The New York Giants are not afraid to use their first-round draft pick to bolster a position that may not be a need on their roster. In 2010, it was defensive end Jason Pierre-Paul. In 2011, the Giants selected cornerback Prince Amukamara, despite the position not being a glaring need—at least not prior to the regular season.
Heading into the 2012 NFL draft, there are quite a few holes on the Giants roster that need to be filled—such as the linebacker and left tackle positions—but don’t be surprised if the Giants and general manager Jerry Reese go in a different direction with the 32nd pick.
With the NFL draft still a couple of months away, here’s a look at some unexpected prospects the Giants might venture to spend their first-round pick on.
With good talent in Chris Canty, Linval Joseph and Marvin Austin at the defensive tackle position, it would not appear that the New York Giants should go that route. However, Mississippi State’s Fletcher Cox is a talented prospect who will definitely garner the Giants attention.
Cox is a versatile pass-rusher who can stretch to play the defensive end position as well. In a Giants defensive scheme that cycles players in and out to keep them fresh and the offense on its toes, Cox could be a valuable asset for an already lethal pass rush.
If a need isn’t on the board where Jerry Reese feels comfortable taking him, he isn’t afraid to take value over reaching to fill needs.
The New York Giants could use some depth at the safety positions, but it doesn’t appear to be something they would target in the first round.
Alabama’s Mark Barron comes from a top-ranked defense with great size and instincts at the safety position. He excels in zone coverage and would be a good fit in Giants defensive coordinator Perry Fewell’s scheme.
At this time, Barron should not fall to the Giants. If he does, though, it might be hard for Big Blue to pass him up with Deon Grant headed for free agency and Kenny Phillips still underperforming.
Again, defensive tackle is not a big need for the New York Giants. How in the world could you say no to a player of Devon Still’s caliber, though?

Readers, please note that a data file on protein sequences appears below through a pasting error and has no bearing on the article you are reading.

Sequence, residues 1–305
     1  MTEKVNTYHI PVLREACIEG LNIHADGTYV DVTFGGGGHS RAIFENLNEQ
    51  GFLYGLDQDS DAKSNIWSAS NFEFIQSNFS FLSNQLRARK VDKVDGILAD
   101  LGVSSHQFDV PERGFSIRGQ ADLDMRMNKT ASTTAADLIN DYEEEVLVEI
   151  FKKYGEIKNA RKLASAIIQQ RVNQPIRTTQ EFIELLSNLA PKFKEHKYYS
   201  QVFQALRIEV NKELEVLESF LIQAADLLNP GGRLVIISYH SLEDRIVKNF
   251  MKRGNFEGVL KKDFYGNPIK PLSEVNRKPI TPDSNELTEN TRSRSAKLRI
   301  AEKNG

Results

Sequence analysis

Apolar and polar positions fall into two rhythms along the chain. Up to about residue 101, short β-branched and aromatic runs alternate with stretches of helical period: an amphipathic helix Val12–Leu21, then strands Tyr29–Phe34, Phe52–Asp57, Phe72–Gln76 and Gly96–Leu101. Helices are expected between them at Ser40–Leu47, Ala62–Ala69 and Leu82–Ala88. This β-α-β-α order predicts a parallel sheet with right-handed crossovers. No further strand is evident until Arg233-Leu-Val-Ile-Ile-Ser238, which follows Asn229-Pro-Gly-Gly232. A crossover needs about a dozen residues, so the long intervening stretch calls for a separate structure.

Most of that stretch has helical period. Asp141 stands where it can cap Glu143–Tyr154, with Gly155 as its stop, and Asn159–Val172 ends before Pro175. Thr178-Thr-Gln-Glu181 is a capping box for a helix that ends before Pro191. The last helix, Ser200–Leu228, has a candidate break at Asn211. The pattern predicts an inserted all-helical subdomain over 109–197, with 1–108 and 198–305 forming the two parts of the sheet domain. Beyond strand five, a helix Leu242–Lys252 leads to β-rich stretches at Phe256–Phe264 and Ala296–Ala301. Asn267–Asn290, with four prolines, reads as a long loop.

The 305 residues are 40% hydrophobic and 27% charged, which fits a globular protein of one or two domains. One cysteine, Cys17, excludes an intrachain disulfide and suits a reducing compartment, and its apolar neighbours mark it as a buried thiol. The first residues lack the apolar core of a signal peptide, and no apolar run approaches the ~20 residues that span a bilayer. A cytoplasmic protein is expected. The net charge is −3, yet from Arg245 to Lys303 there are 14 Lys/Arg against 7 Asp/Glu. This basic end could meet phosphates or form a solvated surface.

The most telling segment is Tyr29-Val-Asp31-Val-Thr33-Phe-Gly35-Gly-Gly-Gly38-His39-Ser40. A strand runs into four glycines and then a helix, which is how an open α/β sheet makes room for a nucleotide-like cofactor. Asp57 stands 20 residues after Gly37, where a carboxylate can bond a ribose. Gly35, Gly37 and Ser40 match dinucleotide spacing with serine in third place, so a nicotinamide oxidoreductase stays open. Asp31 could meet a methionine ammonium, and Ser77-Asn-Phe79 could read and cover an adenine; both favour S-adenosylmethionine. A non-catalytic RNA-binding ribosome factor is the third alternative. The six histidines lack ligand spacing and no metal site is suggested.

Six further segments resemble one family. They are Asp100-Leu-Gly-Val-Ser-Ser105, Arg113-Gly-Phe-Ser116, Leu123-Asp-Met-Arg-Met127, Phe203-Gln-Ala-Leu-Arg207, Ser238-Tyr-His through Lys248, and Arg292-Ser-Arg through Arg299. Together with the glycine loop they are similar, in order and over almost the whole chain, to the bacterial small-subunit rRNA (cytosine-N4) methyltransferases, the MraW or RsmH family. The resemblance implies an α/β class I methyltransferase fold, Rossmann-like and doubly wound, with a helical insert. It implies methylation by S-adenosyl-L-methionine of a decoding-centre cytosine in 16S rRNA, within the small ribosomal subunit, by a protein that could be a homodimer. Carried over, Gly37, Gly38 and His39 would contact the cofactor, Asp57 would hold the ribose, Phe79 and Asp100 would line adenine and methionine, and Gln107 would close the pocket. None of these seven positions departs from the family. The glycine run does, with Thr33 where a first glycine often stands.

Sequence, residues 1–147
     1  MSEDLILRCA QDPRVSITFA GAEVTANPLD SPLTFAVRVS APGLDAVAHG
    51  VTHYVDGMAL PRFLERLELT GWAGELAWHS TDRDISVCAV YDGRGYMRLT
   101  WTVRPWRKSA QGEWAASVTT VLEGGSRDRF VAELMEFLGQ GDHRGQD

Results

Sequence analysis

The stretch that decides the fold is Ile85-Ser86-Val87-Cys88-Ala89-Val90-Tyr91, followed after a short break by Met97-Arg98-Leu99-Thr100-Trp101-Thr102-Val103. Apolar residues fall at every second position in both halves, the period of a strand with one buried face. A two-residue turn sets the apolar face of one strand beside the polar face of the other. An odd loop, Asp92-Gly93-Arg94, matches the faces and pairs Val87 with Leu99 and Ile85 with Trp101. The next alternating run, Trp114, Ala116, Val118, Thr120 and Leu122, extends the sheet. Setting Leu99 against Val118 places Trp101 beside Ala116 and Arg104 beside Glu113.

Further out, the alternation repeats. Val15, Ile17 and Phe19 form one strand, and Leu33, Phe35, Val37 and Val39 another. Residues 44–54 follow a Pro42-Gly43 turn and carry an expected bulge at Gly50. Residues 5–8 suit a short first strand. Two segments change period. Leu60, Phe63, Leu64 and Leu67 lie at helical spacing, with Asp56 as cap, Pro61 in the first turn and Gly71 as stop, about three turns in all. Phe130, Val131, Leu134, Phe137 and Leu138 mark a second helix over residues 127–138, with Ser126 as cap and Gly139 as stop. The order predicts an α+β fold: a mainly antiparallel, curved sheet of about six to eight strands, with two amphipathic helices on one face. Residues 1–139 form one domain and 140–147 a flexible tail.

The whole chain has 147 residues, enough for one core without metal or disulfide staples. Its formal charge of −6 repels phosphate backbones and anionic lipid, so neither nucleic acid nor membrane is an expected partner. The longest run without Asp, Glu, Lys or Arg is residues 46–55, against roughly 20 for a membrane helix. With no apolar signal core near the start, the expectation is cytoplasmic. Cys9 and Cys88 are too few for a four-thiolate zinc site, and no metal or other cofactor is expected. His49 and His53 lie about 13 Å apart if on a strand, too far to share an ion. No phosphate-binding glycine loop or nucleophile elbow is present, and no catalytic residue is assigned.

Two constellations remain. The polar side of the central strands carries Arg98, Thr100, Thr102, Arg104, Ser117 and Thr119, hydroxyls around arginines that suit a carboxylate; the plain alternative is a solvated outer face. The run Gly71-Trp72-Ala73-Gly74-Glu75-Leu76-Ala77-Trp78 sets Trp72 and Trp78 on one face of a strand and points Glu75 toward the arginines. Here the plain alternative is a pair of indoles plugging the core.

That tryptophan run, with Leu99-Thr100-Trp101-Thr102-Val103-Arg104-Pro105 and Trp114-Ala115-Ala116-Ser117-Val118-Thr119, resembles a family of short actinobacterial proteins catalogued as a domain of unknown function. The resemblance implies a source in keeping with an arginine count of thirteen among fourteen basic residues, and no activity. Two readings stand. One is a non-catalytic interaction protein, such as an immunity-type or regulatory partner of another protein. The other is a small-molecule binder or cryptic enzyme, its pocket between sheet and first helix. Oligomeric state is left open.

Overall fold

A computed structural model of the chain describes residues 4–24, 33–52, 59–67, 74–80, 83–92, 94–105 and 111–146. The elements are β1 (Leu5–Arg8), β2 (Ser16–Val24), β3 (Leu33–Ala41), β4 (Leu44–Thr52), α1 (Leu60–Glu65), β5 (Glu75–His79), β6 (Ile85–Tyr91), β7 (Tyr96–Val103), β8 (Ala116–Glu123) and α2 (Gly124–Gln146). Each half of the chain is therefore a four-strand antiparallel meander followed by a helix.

The Big Ten Defensive Player of the Year is a force against the run and was a key component in Penn State’s stellar defensive unit in 2011. Still’s potential is something that cannot be ignored and could tempt Reese and the Giants, who never shy away from bolstering the defensive line.
It might seem outrageous to draft another defensive end, but so did picking Mathias Kiwanuka and Jason Pierre-Paul. Both are major contributors for the New York Giants now. If the Giants trade Osi Umenyiora, this doesn’t seem quite as ridiculous, but it could happen.
The first-team All-ACC defensive end Andre Branch is a perfect pickup for the Giants. Branch’s athleticism might be the most favorable trait he boasts for New York and should mesh well with the likes of Justin Tuck, Jason Pierre-Paul and Osi Umenyiora—if he is still on the team.
The running back position may be a bit of a need this offseason, especially if the Giants release Brandon Jacobs, but to spend a first-round pick on suspect talent would be a big surprise. Virginia Tech’s David Wilson might fit that bill better than anyone else projected to go late in the first round.
Wilson, a one-year starter for the Hokies, proved to be an elite runner in his junior season with an ACC-best 1,709 rushing yards and nine rushing touchdowns. He displays phenomenal speed and quickness, and his ability to break through tackles is impressive for someone of his stature.
Despite this, most teams should have concerns about his experience and his raw technique, especially when running between the tackles. Wilson will need to fix some early ball-carrying issues and prove he can be mature enough to excel at the next level.